Jan. 27, St. Angela Merici, Founder

by Gerelyn Hollingsworth

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Today is the feast of St. Angela Merici, founder of the Ursulines. She was born c. 1474 and died on Jan. 27, 1540.

In 1535, "Angela founded her company in Brescia . . . to enable women to live consecrated lives in their own homes and keeping their occupations. At a time when women were expected to choose between a husband or a cloistered life, it was a daring move! As the company required no dowry, it was open to women of all social backgrounds."

-- Ursuline Sisters of Youngstown, Ohio

Click here to read Angela's Counsels, Legacies, and Rule. Chapters II and III of the Rule are interesting: "How they should be dressed" (no "silk, or velvet, or silver, or gold"), and "On the manner of behaving in public" (no "weddings, or balls or jousts" and no "standing about on balconies").

--Angela's Writings from the web site of the Ursuline Sisters of Mount Saint Joseph, Maple Mount, Kentucky

"The most striking aspect of Angela's rule is that, like mystic women, the Ursulines were in direct contact with God without the mediation of the clergy. Angela outlined this radical position in the chapter on obedience. In her rule obedience was chiefly due to God and to the advice he sends continuously and directly to the Ursuline's heart: 'above all: to obey the counsels and inspirations which the Holy Spirit unceasingly sends into our hears' (Reg. VIII)."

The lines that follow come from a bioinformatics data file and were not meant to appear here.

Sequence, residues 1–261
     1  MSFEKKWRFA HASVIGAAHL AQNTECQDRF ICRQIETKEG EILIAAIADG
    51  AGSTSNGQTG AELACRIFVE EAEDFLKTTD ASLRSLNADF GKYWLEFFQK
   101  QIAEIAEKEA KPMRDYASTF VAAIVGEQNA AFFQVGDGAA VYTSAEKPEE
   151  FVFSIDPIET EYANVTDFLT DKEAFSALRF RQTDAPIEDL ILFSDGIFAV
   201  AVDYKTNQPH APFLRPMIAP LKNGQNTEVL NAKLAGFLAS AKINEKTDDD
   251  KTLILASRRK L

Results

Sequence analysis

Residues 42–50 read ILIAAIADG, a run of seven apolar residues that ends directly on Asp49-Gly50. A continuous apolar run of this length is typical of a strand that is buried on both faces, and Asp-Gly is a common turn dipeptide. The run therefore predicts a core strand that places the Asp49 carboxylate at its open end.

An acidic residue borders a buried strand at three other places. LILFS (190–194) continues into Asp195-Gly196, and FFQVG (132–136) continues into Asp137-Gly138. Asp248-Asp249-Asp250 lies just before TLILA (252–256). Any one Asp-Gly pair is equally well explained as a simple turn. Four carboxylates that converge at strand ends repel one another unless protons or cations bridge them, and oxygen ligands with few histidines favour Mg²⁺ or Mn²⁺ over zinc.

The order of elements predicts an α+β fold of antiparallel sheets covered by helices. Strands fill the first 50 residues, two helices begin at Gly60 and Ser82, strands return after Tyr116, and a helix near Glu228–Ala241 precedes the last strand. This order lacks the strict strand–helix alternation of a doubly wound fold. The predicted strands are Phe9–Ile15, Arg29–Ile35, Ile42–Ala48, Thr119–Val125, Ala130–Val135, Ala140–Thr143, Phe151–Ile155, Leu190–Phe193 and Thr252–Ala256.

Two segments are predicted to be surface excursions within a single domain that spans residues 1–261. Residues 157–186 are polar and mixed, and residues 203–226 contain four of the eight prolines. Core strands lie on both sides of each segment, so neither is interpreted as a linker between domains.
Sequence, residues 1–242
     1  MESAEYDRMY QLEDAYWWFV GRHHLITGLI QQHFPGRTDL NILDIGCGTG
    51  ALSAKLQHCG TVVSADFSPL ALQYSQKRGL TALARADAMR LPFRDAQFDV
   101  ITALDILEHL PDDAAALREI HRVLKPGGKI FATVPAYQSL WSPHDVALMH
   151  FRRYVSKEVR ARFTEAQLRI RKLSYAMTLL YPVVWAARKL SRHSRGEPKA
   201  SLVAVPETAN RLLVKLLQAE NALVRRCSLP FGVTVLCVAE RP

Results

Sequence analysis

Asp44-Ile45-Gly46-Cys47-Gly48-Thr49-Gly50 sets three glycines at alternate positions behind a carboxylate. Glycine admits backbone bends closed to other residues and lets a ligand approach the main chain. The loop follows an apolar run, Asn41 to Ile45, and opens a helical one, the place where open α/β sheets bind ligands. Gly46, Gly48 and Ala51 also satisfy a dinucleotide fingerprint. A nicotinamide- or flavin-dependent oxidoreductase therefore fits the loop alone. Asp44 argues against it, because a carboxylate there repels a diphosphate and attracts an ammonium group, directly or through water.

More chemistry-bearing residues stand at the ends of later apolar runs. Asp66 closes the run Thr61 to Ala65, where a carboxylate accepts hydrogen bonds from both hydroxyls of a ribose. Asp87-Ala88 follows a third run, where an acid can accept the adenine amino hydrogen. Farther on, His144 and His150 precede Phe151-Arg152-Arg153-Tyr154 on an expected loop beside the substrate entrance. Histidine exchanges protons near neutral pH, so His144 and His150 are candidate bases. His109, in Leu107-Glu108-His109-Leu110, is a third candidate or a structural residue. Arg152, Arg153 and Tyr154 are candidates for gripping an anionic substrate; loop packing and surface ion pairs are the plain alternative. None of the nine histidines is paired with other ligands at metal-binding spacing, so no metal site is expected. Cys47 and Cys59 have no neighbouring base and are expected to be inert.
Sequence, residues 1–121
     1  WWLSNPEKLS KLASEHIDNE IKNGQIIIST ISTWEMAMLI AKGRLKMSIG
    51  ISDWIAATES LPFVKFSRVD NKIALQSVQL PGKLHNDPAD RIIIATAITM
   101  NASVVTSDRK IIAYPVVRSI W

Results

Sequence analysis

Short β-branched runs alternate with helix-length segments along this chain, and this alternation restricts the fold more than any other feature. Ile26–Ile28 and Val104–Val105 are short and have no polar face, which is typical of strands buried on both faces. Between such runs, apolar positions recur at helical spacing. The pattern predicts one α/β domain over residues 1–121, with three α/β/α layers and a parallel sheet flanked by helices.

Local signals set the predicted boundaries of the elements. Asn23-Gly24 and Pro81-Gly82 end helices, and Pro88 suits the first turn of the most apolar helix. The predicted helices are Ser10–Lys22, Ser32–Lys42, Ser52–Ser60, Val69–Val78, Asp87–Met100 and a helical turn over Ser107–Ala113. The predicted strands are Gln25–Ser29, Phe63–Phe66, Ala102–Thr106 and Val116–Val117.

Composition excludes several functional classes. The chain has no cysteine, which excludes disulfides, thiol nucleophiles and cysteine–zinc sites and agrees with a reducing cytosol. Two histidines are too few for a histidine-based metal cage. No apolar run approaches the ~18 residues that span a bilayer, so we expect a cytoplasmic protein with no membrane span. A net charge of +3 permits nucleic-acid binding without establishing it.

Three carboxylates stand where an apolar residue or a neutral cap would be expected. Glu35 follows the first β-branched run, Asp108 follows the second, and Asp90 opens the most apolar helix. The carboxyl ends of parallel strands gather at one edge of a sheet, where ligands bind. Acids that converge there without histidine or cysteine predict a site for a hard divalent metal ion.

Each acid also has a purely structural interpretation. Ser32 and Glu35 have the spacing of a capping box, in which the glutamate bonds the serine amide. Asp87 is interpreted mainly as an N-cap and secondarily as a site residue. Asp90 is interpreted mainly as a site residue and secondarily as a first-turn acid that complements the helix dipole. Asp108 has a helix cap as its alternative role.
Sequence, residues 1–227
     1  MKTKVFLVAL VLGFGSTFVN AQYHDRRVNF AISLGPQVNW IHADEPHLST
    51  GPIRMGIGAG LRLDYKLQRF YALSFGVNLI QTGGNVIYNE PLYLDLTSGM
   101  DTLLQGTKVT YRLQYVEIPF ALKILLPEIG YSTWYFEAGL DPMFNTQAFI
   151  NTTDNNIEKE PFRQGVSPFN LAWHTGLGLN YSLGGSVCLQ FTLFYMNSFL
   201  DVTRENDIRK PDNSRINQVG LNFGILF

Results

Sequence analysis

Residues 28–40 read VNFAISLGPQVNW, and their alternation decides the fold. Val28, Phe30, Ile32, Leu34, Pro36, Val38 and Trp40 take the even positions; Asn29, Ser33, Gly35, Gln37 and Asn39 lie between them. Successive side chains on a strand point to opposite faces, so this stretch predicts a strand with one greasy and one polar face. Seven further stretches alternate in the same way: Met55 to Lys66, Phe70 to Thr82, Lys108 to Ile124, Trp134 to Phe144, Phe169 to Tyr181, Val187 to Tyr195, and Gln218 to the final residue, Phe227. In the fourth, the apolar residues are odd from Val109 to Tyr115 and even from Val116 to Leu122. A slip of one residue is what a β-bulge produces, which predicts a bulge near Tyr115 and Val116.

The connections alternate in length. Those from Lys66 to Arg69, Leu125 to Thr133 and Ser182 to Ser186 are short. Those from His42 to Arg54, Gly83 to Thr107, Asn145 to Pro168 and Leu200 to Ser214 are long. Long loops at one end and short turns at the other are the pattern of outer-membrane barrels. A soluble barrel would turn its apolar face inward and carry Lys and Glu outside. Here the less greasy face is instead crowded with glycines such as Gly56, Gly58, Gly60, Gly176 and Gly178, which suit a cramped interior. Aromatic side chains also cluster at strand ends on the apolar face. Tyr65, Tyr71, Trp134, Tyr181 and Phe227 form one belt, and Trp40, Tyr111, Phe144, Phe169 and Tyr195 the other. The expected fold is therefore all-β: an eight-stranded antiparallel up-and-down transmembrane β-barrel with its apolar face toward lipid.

Spirituality, Gender, and the Self in Renaissance Italy: Angela Merici and the Company of St. Ursula (1474-1540) by Querciolo Mazzonis, Catholic University of America Press, 2007.

But the Archbishop of Milan, Charles Borromeo, rewrote Angela's Rule in 1582 and "inserted the confessor as mediator between God and the Ursuline's heart."

Mazzonis also provides a clear explanation of Angela's reasons for founding her Company.

"As far as teaching activities were concerned, the image of the Company of St. Ursula as devoted to the catechization of its members cannot stand. The Colonelle were not teachers, and the virgins under their responsibility were not their pupils. . . .

"To ignore her theology and focus on her teaching method is rather reductive. . . . It is probably that the successive development of the company as a teaching order has induced historians to assume that Angela herself started the educational project."

Even though Angela Merici did not specify what work the members of her Company should undertake, the Ursuline Order after her death became well-known for educating girls.

Ursulines were the first nuns to come to the new world. Ven. Marie de l'Incarnation led Ursulines from Tours to Quebec in 1639, and in 1727 Mere Marie Tranchepain and eleven other Ursulines traveled from Rouen to New Orleans. The schools the Ursulines established at both sites are still operating.

Click here to see the Founder Statue of St. Angela Merici by Pietro Galli in St. Peter's Basilica.

A very happy feast day to all Ursulines, to all students at their schools all over the world, to all alumnae and alumni of Ursuline schools, to all Associates, and to all friends of the Order of St. Ursula!


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